“Pruning” Your Executive Team?

Vector illustration conceptual of human resources management with a businessman selecting a candidate from job applicants for hiring promotion or dismissal“One of the big …responsibilities is making sure that your team constantly is the best team at the moment that you are…growing the company…or even in six months time….to take it where you want to take it.”

These are the wise words of 24-year-old CEO, Brian Wong, during my interview with him on the “From Founder To CEO” podcast. Brian and his team have taken the advertising industry by storm with Kiip. Team Kiip has successfully built and continue to scale a category-creating mobile rewards network that is redefining mobile advertising.

But, how did Brian arrive at such wisdom and success? By finding, shaping, and pruning a great team.

Despite our culture of turning anyone with success into a single, solitary heroic figure, most Founding CEOs know that the strength of their company lies with building an effective executive team.

It all starts with finding the right people to fill clearly defined roles. It’s not an easy endeavor. Here’s what Brian admitted in my interview with him. “…I’ve had a terrible track record hiring C-level executives…our first COO left within two months and our first CRO left within seven days…”

I have no doubt that many of you can relate. But, as Joel Trammel, Founder & CEO of Khorus and author of “The CEO Tightrope,” writes, ”The composition and quality of the executive team may be the most important decision a CEO makes.”

Ok. Fine. You get this, right? Find good leaders. Then, “shape” them. “Shaping” means coaching, developing, resourcing, and listening to your executive team members.

But, what about the pruning part? Jack Dorsey, the CEO of Twitter, refers to this as “CEO as Chief Editor.” In my experience, this is the most vexing action for many Founding CEOs.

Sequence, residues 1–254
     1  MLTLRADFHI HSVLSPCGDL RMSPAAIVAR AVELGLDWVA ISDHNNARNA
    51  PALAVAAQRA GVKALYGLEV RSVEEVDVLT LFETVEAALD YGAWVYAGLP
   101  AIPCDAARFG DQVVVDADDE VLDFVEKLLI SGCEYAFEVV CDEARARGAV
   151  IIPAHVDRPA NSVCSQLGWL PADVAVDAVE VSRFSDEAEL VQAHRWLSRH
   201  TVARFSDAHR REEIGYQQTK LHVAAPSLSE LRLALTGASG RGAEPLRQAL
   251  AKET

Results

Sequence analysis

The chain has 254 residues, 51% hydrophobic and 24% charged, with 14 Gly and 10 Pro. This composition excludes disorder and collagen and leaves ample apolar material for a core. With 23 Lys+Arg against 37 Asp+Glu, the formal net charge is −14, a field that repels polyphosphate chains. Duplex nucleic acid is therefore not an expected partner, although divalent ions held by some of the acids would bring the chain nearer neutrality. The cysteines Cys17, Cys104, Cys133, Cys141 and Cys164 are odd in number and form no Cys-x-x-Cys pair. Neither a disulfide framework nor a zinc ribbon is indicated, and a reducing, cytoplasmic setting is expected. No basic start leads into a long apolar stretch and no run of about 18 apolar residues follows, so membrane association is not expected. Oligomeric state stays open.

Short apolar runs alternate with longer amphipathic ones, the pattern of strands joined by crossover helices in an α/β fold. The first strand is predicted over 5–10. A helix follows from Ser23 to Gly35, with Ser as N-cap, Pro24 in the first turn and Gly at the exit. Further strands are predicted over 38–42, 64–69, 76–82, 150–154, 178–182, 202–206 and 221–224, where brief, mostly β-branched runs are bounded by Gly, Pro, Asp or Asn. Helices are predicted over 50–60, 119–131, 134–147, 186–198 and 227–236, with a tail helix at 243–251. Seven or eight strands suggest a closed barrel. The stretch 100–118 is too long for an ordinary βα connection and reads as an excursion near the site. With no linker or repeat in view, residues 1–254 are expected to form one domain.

“Pruning” means possibly shifting an executive team member to a better suited role or even removing them from the organization. Reason? It’s often about performance. This is tough work for a Founder who may have started the company with someone and is therefore reluctant to take these types of actions.

Questions To Ask Yourself

So, what should you ask yourself if you are contemplating some “pruning” of your executive team? Here are some questions that have served me well.

  1. Did you ask him or her what they think about their performance?
  2. Were you clear about the knowledge, skills, and abilities you needed in that role when you hired him or her?
  3. Did you hire or promote the right person?
  4. Have you been clear about your expectations of him or her?
  5. Have the role’s responsibilities grown and outpaced his or her skills?
  6. Is there role confusion amongst your executive team members?
  7. Does your underperforming team member need a resource to assist in their success? (i.e. coach, training, feedback, tool, etc.)
  8. Do you understand his or her motivators? Are they aligned with the needs of the organization?
  9. How much time and what data do you need in order to determine if your executive team member needs to be reassigned or removed?

Lastly…for number 10, I would like to quote Dan Shapiro, CEO of Glowforge and author of “Hot Seat.”  He writes on page 176, “When CEOs feel like their value is questionable and their competence is in doubt, they are prone to leaving themselves a place to come home to. And, I think that’s why you see so many CEOs hire crappy people for the job they used to do.”

10. Wow! …so….Did you hire a weaker or less experienced person because you unconsciously see yourself being “sidelined in the one thing” you are good at (to quote Dan Shapiro)? Hmmm.

My hope is that these powerful questions will help you better think through the “pruning” of your executive team. As Brian Wong puts it, “Your number one job is to hire great leadership teams.”

Do you have questions to add?

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